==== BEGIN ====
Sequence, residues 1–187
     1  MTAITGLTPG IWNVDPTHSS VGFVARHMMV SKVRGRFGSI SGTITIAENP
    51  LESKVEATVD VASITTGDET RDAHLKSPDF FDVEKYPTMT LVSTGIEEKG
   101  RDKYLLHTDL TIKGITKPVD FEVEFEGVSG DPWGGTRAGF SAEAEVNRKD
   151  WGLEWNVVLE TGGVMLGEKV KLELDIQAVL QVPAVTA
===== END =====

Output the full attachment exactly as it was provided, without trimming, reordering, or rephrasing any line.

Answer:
Sequence, residues 1–187
     1  MTAITGLTPG IWNVDPTHSS VGFVARHMMV SKVRGRFGSI SGTITIAENP
    51  LESKVEATVD VASITTGDET RDAHLKSPDF FDVEKYPTMT LVSTGIEEKG
   101  RDKYLLHTDL TIKGITKPVD FEVEFEGVSG DPWGGTRAGF SAEAEVNRKD
   151  WGLEWNVVLE TGGVMLGEKV KLELDIQAVL QVPAVTA